U.S. manufacturers touted by Trump count the costs of his tariffs

CHICAGO (Reuters) - When Donald Trump became president last year he vowed to make American manufacturing giants, such as Harley-Davidson and Caterpillar great again. But a year later, the two companies stand to take a hit from his policies.

FILE PHOTO: U.S. President Donald Trump announces that the United States will impose tariffs of 25 percent on steel imports and 10 percent on imported aluminum during a meeting at the White House in Washington, U.S., March 1, 2018. REUTERS/Kevin Lamarque/File Photo

Trump’s plan to impose import duties of 25 percent on steel and 10 percent on aluminum to protect U.S. producers have left consumers of the metals worried that the higher tariffs will inflate their costs and make them less competitive in exports markets.

Take Harley-Davidson. Struggling to overcome the slump in U.S. demand, the company is aiming to boost sales of its iconic motorcycles overseas to 50 percent of its total annual volume from 39 percent currently.

But the new tariffs, which the White House has said Trump will authorize by the end of the week, could place the company in the middle of a trade war, with the European Commission threatening to slap duties on Harley’s motorcycles.

European business accounted for about 19 percent of Harley’s motorcycle sales last year. Harley and Caterpillar shares slumped on Wednesday as it appeared Trump would move forward with tariffs.

“We support free and fair trade,” Harley said this week. “Import tariffs on steel and aluminum will drive up costs for all products made with these raw materials, regardless of their origin.”

The proposed tariffs are putting steel suppliers at odds with their customers. William Hickey, whose company Lapham-Hickey Steel supplies to both Caterpillar and its U.S. competitor, Deere & Co, supports Trump’s tariffs and said they should be applied without any exception or exemption.

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“Chinese imports are killing the domestic producers,” he said. “In fact, the volume of steel produced in the U.S. dwarfs in comparison to the imports from China.”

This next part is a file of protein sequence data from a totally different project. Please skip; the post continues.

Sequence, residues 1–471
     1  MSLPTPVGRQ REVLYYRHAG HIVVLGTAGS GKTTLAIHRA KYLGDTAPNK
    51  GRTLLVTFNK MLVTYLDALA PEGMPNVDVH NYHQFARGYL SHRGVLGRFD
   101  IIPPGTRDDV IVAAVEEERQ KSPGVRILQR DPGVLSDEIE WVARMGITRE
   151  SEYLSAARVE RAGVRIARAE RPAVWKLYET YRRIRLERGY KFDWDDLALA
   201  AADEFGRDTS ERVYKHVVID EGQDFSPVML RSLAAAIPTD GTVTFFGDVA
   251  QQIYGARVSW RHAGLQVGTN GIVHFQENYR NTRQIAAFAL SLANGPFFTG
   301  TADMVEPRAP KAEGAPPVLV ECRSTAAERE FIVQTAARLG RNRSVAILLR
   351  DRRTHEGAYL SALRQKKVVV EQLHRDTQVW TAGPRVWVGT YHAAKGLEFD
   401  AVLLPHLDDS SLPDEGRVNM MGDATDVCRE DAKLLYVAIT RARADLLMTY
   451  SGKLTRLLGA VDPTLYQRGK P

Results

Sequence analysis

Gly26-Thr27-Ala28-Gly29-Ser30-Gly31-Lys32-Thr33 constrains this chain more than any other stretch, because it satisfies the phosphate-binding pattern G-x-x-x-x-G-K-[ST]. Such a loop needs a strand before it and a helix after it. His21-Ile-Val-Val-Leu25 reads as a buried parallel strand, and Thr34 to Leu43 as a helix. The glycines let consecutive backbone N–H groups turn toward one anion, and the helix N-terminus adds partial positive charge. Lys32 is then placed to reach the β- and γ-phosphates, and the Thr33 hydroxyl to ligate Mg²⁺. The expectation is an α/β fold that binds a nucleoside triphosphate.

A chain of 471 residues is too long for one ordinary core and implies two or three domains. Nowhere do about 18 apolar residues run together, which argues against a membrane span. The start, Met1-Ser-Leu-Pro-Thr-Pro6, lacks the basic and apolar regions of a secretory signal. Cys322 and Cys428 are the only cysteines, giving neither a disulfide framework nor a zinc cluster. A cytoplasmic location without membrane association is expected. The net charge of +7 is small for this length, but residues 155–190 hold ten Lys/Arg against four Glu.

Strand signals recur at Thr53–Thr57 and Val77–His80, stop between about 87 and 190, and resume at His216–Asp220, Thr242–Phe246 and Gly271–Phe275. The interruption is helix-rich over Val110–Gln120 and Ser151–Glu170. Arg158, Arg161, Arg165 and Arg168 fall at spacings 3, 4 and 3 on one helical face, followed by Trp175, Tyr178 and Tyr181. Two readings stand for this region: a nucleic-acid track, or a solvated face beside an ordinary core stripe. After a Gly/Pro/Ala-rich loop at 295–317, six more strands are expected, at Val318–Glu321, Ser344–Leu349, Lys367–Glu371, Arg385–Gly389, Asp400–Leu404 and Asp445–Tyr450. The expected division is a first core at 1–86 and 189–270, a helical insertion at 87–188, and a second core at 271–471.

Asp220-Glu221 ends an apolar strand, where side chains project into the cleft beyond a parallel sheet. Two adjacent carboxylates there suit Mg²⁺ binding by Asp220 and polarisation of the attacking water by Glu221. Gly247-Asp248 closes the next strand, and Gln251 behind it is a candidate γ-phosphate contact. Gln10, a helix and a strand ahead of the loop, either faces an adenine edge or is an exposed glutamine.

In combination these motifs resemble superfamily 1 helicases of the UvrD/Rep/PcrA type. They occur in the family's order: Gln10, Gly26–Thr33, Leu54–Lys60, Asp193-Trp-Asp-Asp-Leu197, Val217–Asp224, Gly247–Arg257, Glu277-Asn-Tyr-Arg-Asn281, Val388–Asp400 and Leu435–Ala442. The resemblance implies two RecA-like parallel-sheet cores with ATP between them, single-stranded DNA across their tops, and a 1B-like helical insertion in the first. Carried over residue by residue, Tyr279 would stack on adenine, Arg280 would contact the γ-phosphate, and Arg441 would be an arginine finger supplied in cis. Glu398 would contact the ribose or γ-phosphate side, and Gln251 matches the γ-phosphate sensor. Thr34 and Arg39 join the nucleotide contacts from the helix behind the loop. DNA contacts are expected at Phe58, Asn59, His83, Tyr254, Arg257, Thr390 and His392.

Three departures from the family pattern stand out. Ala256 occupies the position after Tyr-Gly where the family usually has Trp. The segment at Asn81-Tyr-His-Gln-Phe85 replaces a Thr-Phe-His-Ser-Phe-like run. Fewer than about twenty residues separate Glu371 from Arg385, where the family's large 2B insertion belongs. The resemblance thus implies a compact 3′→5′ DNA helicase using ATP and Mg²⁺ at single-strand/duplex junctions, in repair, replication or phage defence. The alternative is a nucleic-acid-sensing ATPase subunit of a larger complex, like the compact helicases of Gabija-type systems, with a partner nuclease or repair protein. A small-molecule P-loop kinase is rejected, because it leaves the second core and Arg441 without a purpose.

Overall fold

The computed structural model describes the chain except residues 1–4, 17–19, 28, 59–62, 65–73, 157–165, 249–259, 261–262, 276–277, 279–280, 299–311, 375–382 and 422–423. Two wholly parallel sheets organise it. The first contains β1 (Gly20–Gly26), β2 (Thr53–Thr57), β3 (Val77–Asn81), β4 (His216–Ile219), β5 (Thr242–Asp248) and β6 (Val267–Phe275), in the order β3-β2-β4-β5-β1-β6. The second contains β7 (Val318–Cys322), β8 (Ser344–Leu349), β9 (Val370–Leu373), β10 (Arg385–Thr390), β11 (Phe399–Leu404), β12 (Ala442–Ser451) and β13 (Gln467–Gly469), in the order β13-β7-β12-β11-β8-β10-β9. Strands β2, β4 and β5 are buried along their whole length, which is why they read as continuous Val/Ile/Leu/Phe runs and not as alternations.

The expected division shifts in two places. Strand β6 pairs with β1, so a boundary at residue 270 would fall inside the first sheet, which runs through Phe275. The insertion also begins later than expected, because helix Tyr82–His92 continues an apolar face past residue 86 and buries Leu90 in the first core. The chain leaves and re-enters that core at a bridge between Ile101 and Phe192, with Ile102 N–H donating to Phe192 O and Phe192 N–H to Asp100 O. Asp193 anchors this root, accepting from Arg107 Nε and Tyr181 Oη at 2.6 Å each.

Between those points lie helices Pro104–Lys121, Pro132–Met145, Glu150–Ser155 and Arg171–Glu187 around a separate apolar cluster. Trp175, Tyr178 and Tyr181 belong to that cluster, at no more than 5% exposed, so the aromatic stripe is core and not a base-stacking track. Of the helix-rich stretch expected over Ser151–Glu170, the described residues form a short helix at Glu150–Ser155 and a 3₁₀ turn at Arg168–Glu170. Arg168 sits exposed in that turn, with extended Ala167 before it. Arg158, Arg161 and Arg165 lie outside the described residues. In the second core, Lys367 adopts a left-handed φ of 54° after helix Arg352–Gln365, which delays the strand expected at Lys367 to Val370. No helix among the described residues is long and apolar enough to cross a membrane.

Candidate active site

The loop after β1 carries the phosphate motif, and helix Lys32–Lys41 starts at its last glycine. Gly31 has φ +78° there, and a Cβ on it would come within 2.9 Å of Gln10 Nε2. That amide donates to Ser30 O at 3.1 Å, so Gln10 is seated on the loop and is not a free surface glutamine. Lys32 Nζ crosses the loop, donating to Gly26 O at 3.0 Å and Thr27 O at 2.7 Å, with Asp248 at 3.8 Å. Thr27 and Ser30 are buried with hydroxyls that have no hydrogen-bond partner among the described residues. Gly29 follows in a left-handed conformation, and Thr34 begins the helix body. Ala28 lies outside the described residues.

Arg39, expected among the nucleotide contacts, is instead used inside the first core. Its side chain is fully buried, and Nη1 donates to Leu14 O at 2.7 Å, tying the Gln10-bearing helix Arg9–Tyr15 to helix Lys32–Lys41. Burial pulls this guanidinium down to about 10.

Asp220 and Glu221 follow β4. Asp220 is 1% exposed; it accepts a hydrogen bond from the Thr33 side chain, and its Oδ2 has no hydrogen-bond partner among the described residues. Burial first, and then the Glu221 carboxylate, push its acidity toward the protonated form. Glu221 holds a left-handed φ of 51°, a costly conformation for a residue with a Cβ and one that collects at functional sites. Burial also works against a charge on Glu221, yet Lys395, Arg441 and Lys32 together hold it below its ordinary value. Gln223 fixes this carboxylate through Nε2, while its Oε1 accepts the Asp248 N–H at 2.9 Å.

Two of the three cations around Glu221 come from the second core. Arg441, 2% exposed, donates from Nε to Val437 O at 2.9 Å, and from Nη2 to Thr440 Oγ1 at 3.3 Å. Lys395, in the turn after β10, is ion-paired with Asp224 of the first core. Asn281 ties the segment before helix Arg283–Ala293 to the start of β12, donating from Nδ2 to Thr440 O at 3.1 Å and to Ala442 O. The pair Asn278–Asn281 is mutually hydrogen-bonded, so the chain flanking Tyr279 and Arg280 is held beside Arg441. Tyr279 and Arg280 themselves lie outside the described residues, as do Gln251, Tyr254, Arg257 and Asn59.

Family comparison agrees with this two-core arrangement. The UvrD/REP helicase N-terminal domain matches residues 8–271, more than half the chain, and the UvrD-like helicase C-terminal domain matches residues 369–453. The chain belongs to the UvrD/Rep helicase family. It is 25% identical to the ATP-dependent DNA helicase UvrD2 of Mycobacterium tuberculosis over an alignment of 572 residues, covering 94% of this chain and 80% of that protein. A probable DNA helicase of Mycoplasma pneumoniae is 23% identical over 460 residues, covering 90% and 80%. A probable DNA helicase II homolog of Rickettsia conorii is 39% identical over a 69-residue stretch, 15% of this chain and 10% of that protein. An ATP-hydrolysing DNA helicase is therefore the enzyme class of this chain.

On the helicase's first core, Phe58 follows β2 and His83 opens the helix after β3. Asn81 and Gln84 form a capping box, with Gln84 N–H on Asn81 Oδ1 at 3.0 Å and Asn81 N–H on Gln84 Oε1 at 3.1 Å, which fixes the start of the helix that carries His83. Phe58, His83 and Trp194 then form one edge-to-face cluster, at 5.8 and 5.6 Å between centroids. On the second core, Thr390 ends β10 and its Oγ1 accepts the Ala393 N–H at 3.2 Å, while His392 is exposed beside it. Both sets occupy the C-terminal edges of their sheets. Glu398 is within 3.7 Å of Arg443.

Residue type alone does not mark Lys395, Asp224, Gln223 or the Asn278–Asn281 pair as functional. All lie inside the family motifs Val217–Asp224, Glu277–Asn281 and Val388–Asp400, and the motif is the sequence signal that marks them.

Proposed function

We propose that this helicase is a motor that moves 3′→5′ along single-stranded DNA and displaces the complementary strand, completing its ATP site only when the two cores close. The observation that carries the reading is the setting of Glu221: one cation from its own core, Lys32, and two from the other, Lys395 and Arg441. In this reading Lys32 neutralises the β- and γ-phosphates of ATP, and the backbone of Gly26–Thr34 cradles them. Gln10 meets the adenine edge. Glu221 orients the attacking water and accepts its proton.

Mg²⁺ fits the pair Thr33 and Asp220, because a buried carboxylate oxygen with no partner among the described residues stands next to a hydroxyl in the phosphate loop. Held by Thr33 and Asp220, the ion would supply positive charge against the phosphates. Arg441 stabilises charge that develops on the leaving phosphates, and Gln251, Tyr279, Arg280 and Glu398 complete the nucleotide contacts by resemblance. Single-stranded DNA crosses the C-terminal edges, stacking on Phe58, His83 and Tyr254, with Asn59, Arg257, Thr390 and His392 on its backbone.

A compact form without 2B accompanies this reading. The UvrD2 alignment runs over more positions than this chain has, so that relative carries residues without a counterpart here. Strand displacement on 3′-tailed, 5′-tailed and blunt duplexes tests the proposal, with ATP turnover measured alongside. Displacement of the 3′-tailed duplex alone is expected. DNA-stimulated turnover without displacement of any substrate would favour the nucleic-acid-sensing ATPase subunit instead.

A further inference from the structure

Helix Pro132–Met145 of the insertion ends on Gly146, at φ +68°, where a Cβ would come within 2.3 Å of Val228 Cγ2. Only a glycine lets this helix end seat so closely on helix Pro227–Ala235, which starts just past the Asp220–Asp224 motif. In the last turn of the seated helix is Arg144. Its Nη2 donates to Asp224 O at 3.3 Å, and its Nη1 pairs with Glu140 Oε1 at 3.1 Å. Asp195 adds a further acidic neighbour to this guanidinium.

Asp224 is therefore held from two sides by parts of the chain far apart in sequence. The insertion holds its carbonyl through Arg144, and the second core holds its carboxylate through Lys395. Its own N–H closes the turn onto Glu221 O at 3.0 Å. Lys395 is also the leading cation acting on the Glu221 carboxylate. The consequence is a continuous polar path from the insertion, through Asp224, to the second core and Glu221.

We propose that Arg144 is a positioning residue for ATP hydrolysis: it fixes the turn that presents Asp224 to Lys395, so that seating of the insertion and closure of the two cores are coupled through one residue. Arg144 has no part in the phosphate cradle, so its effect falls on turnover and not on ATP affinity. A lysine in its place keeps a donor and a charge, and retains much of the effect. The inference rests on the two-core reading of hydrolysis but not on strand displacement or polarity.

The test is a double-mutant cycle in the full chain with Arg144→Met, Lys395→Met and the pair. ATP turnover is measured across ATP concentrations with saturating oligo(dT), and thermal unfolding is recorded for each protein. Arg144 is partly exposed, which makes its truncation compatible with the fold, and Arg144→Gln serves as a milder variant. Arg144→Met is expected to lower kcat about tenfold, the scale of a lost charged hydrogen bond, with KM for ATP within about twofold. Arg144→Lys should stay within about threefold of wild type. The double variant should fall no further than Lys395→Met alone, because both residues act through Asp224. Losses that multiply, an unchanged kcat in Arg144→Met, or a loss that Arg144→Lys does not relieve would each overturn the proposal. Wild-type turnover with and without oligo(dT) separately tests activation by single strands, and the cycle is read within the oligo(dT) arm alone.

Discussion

But the manufacturers’ fears are supported by the Thomson Reuters Global Industrial Index, which has fallen about 2.0 percent since the end of last month.


In Caterpillar’s case, more than half of its machines are sold outside the United States. The proposed tariffs would not only increase imported steel prices, but also domestic steel prices, putting the company at a disadvantage against its non-U.S. competitors, Caterpillar’s director of investor relations, Amy Campbell, said.

Dennis Slater, president of the Association of Equipment Manufacturers (AEM), said he fears that tit-for-tat retaliatory policies also could hit U.S. farm exports, exacerbating the troubles of farm equipment makers, which have been battling weak domestic demand for the past four years.

The AEM represents both Caterpillar and Deere. Slater said domestic steel prices have been on the rise for a while in anticipation of the tariff increases.

Caterpillar’s supply costs rose at their fastest pace in at least four quarters in the three months ended December. The annual increase in Deere’s costs in the latest quarter was the steepest in at least five quarters.

Caterpillar said it was still assessing what impact the tariff hike would have on its supply costs.

In the meantime, it has been using long-term supply contracts to give itself cushion against rising prices. The contracts can shield it from higher costs for at most two quarters, Campbell said.

“We are seeing some material cost increases,” she said. “The news last week (has) put some more pressure on material cost.”

Reporting by Rajesh Kumar Singh; Editing by Peter Szekely